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There are two words that journalists love to bring up when interviewing Nevada politicians: Yucca Mountain.
In his open letter to the Las Vegas Review-Journal last Sunday, Congressman Cresent Hardy pointed out that it was indeed one of the first questions he was asked when planning to run for Congress.
While Senate Minority Leader Harry Reid has spearheaded the effort to kill the nuclear waste repository 100 miles northwest of Las Vegas, but it just keeps coming up.
In the letter Hardy, while not necessarily stating he outright supports the project, he makes a strong case for why Nevadans should at least be open to negotiating the controversial topic, rather than it be something that is “forced” on the state. The pros of allowing such a project, Hardy said, could bring things Nevada so desperately needs, like, say, more funding for education, or more water rights from the Colorado River.
With Reid’s impending retirement in 2016, the question now looms on whether the Yucca Mountain issue will be revisited.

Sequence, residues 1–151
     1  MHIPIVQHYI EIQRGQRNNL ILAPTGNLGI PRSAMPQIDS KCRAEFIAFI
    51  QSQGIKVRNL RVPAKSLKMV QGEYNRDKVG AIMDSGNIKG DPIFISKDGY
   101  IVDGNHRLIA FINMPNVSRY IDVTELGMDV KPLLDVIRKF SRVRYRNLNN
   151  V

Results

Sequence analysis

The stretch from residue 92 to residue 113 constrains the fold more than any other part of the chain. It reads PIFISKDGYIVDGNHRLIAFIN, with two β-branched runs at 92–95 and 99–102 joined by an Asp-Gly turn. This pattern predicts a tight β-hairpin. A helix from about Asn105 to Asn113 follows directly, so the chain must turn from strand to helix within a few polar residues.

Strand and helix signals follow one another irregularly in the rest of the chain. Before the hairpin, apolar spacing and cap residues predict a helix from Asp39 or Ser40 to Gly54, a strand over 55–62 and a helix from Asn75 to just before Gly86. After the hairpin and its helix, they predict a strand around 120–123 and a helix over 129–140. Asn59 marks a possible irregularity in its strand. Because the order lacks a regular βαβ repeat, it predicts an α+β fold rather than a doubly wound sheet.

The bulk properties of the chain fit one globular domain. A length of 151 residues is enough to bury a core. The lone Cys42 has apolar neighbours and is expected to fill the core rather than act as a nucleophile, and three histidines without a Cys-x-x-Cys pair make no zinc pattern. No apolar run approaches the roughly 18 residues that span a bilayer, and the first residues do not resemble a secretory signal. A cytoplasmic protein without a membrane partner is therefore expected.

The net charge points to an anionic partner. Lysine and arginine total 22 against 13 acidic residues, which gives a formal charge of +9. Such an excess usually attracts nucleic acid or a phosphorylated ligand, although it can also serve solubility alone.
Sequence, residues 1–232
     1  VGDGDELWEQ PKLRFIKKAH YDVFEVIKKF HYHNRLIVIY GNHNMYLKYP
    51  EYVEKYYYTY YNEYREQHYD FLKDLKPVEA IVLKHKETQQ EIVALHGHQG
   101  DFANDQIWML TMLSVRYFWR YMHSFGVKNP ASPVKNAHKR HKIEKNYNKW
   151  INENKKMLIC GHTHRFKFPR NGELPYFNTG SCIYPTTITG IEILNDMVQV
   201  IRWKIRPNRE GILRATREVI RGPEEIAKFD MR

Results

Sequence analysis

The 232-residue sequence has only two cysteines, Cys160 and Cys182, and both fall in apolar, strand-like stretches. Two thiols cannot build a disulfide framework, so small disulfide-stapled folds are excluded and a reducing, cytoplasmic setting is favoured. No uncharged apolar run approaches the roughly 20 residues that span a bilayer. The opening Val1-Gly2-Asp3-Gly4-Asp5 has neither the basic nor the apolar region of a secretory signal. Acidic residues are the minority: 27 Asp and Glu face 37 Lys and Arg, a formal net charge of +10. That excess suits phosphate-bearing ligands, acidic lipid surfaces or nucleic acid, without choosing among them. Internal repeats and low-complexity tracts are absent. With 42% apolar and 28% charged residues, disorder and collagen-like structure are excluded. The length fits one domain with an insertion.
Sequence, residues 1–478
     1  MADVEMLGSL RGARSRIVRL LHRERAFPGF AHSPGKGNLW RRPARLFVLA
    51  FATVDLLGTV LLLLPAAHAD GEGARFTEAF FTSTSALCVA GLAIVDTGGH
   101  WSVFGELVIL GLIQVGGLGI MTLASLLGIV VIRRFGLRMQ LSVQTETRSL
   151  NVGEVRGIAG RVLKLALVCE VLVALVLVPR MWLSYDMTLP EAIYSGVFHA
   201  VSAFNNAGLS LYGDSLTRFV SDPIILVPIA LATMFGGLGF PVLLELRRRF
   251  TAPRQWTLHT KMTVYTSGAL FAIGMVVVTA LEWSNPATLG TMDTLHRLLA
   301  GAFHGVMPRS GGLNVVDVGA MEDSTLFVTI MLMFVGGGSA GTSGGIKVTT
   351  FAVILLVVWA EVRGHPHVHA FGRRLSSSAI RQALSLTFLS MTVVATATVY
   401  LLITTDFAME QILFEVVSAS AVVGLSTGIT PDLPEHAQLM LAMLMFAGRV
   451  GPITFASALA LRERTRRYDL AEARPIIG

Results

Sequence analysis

The Nye County Commissioner and nuclear liaison Dan Schinhofen told KNPR’s State of Nevada that Yucca Mountain is the law of the land and it deserves to move forward.
“We believe Nevadans deserve a fair and open hearing on the safety issues of this,” Schinhofen said.
He says eight other counties around the state agree with Nye County on the issue. He believes Nevada could get direct funding, highway infrastructure and more water from the Colorado River water.
Long-time opponent to the project former senator and governor Richard Bryan strongly disagrees with the argument that Nevada would benefit from Yucca Mountain.
“The notion that somehow if we negotiated with the federal government that we would get a greater allocation of water is simply mythical, wishful thinking,” Bryan said.
He said the water allocation was decided years ago and no state will give up water to Nevada, especially because of the ongoing drought.
Bryan also said people have been having the conversation about the repository for the past 30 years and as far as he is concerned the case closed.
“Yucca Mountain is not safe. Nobody is going to negotiate to compromise the state’s health and safety,” Bryan said.
For Schinhofen, it is about letting the science decide.
“Let’s have that conversation. Let the science be heard,” he said.
Richard Bryan, chair, Nevada Nuclear Commission; Dan Schinhofen, nuclear liaison, Nye County
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